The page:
I don't know exactly. I guess the problem is that if you have many versions of python, then which one to use and where to find packages will be determined by the path order in your system PATH and the PYTHONPATH respectively. So you may lose control of where to install python modules. Consider that if you run sudo python setup.py install to install a module (it finds python by the root's PATH) and then try to import the module by python -c "import it" (this time it finds python by your PATH), maybe something will go wrong. This is my guess, I didn't validate it. But in my own case, something did go wrong.

How to avoid this?

I think the principle would be that be aware of that different ways and tools install things independently to different locations, so use them mindfully.

  • Unless you intend to, don't install the same thing twice via different ways. (If you intend to do it for python, you might want to check out virtualenv)
  • Keep an eye on the path order in your PATH and consider if it's correct.
  • When installing modules, be clear which python (or pip) is running and where the module is installed.

So, how did I solve my own case?

Since it had been messing up already and seemed to be very hard to cure, so finally I solved this question by a full OS re-installation, and started to follow the DOs-and-DONTs above. For the installation of the scientific environment with python (numpy/scipy/matplotlib, which had shown problems to make me ask this question), I found this tutorial was extremely helpful. So, problem solved finally.

  • thanks for the insights and recommendations. I seem to be trapped in a similar situation, but it's not getting unmanageable... yet. I've found a useful post: leemendelowitz.github.io/blog/… that helps finding where a particular version of python looks for imports and basically manually made them search in the right place for the right thing via symbolic links.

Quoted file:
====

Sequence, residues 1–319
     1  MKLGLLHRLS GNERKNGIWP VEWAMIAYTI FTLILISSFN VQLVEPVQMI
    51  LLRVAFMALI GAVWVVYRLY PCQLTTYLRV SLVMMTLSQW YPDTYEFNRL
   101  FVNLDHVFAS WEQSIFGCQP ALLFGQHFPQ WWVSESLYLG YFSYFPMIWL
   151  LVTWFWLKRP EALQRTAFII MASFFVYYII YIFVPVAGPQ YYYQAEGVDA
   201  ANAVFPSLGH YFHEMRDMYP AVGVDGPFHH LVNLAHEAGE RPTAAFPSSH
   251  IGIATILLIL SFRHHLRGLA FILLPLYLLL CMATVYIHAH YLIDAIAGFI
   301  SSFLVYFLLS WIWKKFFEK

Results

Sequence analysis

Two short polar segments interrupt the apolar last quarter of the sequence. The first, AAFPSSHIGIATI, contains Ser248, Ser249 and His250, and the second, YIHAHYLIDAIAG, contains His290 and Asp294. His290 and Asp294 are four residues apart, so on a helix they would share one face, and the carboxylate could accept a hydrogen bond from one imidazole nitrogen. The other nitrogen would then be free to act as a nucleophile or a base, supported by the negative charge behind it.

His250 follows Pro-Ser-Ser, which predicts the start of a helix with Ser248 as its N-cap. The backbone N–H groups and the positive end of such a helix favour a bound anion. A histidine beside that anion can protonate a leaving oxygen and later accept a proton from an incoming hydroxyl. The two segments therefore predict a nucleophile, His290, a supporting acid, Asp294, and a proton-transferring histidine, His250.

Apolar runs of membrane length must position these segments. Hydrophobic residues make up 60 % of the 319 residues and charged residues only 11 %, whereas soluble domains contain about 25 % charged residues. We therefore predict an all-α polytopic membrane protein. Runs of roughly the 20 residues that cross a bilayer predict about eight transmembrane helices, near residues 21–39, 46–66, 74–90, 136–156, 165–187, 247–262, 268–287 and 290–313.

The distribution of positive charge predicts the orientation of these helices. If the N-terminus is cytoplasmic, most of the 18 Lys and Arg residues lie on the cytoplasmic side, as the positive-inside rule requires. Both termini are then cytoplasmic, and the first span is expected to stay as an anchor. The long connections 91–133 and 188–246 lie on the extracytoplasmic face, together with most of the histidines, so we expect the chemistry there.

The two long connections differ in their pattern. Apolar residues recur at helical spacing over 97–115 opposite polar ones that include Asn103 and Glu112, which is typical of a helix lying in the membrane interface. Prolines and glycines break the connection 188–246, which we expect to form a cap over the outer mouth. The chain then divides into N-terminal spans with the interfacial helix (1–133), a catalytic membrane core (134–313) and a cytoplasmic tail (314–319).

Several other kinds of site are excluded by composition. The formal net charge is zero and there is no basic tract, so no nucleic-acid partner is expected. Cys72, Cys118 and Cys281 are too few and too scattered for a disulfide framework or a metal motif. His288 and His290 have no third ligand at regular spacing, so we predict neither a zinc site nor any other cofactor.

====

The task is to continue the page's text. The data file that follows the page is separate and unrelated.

– alisa
    Nov 7, 2016 at 22:04
  • 1
    Also, don't blindly follow guides on the internet in regards to getting something working. So stick with homebrew or macports depending on your preference.. don't use both. Don't use dmg or pkg to install certain packages if you have homebrew fx. stick with homebrew no matter what.. If you have multiple things at the moment, try looking into just uninstalling them.
    – Alex R
    Aug 9, 2017 at 9:07

Here is what was confusing me and how I solved it.

$ which python

$ which python3

$ ls /usr/local/bin/python
ls: /usr/local/bin/python: No such file or directory

So notice I didn't have a HomeBrew installation of python2.7, but did have the python3 installation. The version under /usr/bin/python is using the system default. You can tell based on the module search path:

$ /usr/bin/python
Python 2.7.10 (default, Feb  7 2017, 00:08:15) 
[GCC 4.2.1 Compatible Apple LLVM 8.0.0 (clang-800.0.34)] on darwin
`enter code here`Type "help", "copyright", "credits" or "license" for 
more information.
>>> import sys
>>> sys.path
['', '/Library/Python/2.7/...

Notice the '/Library/Python'... that's Mac OS's version of python. But I want to stay strictly on a user installed version (i.e. HomeBrew).